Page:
The art of praise works best if you reinforce specific behaviours. This is not saying “I expect great things from you”. This is saying “Wow, I overheard your call with that client and you demonstrated the kind of customer service excellence we like to show off to the world”.

The author gives a tool here called one-minute praisings, where you take regular breaks to catch employees doing something right or exceptional and give them compliments. Everyone is starving for appreciation. So, when someone comes along to genuinely acknowledge our good side, we will follow them enthusiastically. Employees are more motivated when they know that they are doing things right, so create systems that regularly identify wins, reinforcing that your people are winners and then celebrate those wins.

To master the art of praise, McGinnis provides four suggestions:

  1. Give praise publicly as one-on-ones are less effective. People like it when nice things are said about them to other people. For example, it feels really nice when your partner says something very nice about you to their friends.
  2. Seize the moment to celebrate every success. Successes are an excuse for celebration, and celebration supports morale and a positive atmosphere.
  3. Write your compliment down in a hand-written letter. 
  4. Be very specific about the compliment you give. Identify exactly why you appreciate what they did and how they did it.

Here the author also notes that too much reinforcement with things like pay incentives and gifts can be dangerous. You don’t want those you motivate to become more motivated by material rewards than they are by their values and goals. Don’t lose sight of the importance of your mission and purpose as a tool for motivation. People can turn into “reinforcement junkies” who must have some material reward available to put in hard work. Furthermore, too much praise can become meaningless. Don’t praise for the sake of praise, this is not genuine. People will recognize it and it will become less effective.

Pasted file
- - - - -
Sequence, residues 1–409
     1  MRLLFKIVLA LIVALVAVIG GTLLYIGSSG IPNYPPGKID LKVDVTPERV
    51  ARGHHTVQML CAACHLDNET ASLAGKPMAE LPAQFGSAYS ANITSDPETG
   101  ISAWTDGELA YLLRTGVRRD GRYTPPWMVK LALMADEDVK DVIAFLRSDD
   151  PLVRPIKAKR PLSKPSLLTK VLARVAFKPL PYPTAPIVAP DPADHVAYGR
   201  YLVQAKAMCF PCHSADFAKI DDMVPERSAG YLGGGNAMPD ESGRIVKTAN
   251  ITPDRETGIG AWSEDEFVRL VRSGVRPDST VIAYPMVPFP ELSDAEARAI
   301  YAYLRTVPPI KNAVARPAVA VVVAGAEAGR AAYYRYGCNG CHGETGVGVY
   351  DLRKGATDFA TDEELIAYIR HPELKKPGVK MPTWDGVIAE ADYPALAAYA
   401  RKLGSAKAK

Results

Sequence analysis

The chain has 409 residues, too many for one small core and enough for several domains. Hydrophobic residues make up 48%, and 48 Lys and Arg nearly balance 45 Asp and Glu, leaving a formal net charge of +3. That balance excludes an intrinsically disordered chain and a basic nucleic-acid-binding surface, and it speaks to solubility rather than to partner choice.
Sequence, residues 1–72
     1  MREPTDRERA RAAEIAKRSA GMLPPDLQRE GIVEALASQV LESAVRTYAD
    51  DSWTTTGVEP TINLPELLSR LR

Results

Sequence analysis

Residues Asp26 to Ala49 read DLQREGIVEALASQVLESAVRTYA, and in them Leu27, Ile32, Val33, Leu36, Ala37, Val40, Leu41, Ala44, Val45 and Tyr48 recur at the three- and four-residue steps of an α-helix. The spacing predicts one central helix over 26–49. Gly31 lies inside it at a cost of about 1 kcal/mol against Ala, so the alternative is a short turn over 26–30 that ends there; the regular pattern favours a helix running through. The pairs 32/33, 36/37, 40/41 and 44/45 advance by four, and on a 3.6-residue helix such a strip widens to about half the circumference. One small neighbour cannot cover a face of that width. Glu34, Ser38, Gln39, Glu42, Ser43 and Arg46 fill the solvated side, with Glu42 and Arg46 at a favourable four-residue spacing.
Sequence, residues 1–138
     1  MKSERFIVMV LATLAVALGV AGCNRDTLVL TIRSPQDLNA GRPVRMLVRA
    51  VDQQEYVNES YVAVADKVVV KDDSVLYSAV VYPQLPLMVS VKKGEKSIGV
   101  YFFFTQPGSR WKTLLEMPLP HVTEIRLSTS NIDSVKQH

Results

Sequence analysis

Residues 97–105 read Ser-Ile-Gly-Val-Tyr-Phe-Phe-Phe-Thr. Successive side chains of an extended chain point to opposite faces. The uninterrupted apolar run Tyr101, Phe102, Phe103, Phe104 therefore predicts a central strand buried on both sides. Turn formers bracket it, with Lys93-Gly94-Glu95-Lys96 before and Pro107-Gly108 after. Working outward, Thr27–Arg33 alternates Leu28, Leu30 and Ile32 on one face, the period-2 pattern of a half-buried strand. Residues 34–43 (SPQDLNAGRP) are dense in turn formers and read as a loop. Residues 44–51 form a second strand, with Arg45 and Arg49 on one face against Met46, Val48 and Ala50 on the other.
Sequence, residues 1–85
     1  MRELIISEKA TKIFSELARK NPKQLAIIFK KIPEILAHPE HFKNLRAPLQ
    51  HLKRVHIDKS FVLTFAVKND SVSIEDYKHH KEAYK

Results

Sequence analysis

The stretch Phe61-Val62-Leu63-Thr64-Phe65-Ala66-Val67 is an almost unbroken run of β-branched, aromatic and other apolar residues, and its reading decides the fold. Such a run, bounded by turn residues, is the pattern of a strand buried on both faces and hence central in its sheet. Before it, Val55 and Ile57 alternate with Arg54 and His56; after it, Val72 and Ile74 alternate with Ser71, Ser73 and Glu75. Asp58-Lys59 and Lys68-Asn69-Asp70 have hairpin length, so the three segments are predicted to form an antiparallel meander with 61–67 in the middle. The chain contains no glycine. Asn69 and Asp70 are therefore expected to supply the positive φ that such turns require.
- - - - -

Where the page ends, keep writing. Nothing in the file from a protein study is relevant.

As leaders we need to observe improvements in those we motivate. If bad habits have changed into good ones, we need to acknowledge them for that. It is extraordinarily demoralizing to change your behaviours at great effort and/or personal expense, then see it go unnoticed by your leadership.

There is this idea that by celebrating success, you produce overconfident employees who think they are better than others. McGinnis argues that this is not the case. It is a mistake for leadership to think that they need to “peg employees down a notch”. William Somerset Maugham, a famous English playwright and novelist once noted, “The common idea that success spoils people by making them vain, egotistical and self-complacent is erroneous; on the contrary, it makes them for the most part humble, tolerant, and firm. Failure makes people bitter and cruel.”


I hope you liked this breakdown of the key highlights from Alan Loy McGinnis’ “Bringing Out the Best in People”, chapters 5 –8. If you would like more tips on how to be a good motivator, look out for my future posts which will cover more of this material. Or better yet, buy his book.

If you enjoyed this read, please subscribe to my blog, give it a like or follow me on Twitter @interestpeaks. I found this content interesting. But I am more interested in what your thoughts, opinions or advice on motivation are. If you have any thoughts, ideas, or feedback, please share them in the comments section below. I would love to hear them.